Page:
Nellie Jackson had some big plans for 2020. As a member of the Melbourne band Loose Tooth, she was excited to record a new album and go on the band’s next overseas tour – not to mention playing all the usual gigs around town with bandmates Etta and Luc.
But when the COVID-19 pandemic hit, all Loose Tooth’s grand plans were suddenly put on hold. Not only did COVID-19 cause a huge financial hit to the band, but Nellie also felt she’d lost an important part of who she was.
“I love being on stage, I love live performance,” Nellie says.
“So not having that is almost like me losing a bit of my identity. It's a side of me that I don't get to do a lot, so to lose it is really sad to be honest.”
To top things off, Nellie had also just started a new team leader role in her job as a youth drug and alcohol counsellor, bringing extra responsibilities to her already demanding but rewarding work. Without her usual creative outlets, she found herself struggling to manage her mental health.
“Music is such a private, personal thing that it's kind of a therapy for me. So I've had to learn new ways to cope with the stress of life and my job,” Nellie says.
Nellie says the Ask Izzy website is a great place to start when you need help but don't know where to turn. Photo: Danny Cohen.
And she’s not the only musician to be finding things hard at the moment. Research from Griffith University found Australia’s musicians have been are among the hardest hit by COVID-19 because they are largely self-employed and rely heavily on live performance for income.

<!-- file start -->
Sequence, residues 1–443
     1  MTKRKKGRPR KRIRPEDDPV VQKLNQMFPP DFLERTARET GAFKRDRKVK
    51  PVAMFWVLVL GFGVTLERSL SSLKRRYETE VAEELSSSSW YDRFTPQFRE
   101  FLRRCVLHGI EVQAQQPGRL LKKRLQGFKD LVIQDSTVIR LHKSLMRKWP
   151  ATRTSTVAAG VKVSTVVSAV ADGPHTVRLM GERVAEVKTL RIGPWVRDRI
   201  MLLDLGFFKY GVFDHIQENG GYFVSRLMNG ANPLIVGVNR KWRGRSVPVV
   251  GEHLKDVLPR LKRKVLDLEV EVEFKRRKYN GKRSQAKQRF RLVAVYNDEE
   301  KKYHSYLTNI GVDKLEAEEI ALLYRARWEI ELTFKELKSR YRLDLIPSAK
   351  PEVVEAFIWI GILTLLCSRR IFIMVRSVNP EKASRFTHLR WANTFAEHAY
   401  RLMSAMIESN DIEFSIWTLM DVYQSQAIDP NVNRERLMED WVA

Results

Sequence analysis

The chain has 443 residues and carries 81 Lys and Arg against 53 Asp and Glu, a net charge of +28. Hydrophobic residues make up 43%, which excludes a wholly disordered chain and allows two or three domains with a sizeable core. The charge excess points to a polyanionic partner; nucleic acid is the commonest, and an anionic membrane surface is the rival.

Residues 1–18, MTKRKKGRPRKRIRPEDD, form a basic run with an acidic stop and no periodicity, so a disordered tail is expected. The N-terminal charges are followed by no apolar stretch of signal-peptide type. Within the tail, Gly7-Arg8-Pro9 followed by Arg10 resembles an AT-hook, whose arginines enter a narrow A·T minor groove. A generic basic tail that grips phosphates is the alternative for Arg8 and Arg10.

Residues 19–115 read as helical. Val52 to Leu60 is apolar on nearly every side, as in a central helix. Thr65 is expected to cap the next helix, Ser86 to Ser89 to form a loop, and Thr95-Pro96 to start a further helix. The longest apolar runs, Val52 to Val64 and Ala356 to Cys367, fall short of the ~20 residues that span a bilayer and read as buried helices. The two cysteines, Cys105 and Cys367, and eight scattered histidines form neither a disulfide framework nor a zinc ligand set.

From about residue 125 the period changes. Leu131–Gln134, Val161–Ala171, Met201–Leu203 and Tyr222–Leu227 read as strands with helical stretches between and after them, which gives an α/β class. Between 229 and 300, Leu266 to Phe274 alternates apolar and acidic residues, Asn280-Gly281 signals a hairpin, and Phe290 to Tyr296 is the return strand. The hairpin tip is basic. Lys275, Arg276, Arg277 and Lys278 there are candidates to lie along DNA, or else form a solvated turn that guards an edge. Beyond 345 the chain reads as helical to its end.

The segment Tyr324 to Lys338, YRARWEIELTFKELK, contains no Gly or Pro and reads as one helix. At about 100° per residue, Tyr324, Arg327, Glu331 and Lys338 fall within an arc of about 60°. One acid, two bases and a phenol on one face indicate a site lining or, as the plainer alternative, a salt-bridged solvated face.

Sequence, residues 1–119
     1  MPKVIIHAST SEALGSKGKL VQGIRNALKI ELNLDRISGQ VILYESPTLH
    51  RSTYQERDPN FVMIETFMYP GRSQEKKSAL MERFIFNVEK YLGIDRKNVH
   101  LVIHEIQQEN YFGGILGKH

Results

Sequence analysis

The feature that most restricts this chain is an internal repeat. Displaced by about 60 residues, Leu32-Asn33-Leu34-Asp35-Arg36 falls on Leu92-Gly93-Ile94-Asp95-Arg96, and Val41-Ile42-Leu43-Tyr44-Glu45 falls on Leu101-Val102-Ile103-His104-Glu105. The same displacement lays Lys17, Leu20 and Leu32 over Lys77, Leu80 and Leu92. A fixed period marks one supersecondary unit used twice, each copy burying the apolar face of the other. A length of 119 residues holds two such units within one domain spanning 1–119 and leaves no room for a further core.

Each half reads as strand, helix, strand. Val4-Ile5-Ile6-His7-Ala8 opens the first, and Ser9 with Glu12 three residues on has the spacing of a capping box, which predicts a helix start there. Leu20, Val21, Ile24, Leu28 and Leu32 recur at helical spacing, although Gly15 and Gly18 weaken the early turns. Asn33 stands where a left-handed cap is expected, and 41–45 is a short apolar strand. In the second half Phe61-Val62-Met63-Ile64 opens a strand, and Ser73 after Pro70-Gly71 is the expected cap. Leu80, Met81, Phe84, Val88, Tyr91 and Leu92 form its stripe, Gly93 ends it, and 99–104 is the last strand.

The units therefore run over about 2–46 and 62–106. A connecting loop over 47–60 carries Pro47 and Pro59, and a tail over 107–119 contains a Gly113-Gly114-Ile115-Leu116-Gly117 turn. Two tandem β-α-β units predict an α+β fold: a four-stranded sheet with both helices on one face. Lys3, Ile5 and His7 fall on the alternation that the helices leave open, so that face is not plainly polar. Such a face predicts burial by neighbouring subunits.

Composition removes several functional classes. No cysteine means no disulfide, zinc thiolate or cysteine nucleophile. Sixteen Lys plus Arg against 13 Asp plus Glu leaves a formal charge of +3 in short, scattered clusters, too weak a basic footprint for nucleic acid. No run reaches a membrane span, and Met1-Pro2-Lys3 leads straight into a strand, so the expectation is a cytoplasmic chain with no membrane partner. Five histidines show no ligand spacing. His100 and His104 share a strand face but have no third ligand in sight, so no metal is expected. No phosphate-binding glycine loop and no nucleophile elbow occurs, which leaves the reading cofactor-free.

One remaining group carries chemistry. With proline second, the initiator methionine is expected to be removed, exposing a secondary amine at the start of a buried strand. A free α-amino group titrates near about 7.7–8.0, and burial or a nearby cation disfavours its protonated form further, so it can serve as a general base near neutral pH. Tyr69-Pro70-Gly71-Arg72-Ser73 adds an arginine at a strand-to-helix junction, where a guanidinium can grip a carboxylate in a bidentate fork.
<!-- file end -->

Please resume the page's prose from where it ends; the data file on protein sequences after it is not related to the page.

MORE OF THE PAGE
Nellie says she knows many people in the music industry who are really struggling, but who might not feel like it’s OK to admit it.
“There is a global pandemic happening and I think lots of people feel like they're not allowed to feel really down about their music career when people are dying out there.
“But it is relevant. Everything is relevant to every person's life. People are in a really bad spot. Lots of people I know are really not doing well.”
As a spokesperson for Ask Izzy’s new “Unexpected Turn” campaign, Nellie says the main message she wants out there is that there’s no shame in seeking help, no matter what your situation is and especially with everything that has happened this year.
”There's absolutely no reason why someone should be suffering alone when there is help out there,” she says.
“I think that slowly the stigma on asking for help is going, but I think there are some people who still feel like it's weak to ask for help or they think ‘no, I don't need that. That's not for me’.
“But help is for everybody. You just never know when you're going to need it and you never know what it might be.”
She says Ask Izzy is an incredibly valuable tool for people in her position who didn’t expect to be struggling this year, and don’t know how or where to turn for help.
“I know for some people, accessing support is really overwhelming and really scary. If you don't know what's out there, you don't even know where to start.
“With Ask Izzy you can just type in where you are and there you go, it's all at your fingertips. Having that information is a powerful first step.”
And for anyone who might still think they’re just not the type of person to reach out to support services for help, Nellie has a clear message.
“It's not as big a deal as you think. It’s not going to unlock some madness in your mind where you're going to go down a spiral and you're going to have to take pills and you're going to be locked up.
“Sometimes it's just a chat and that's all we need.”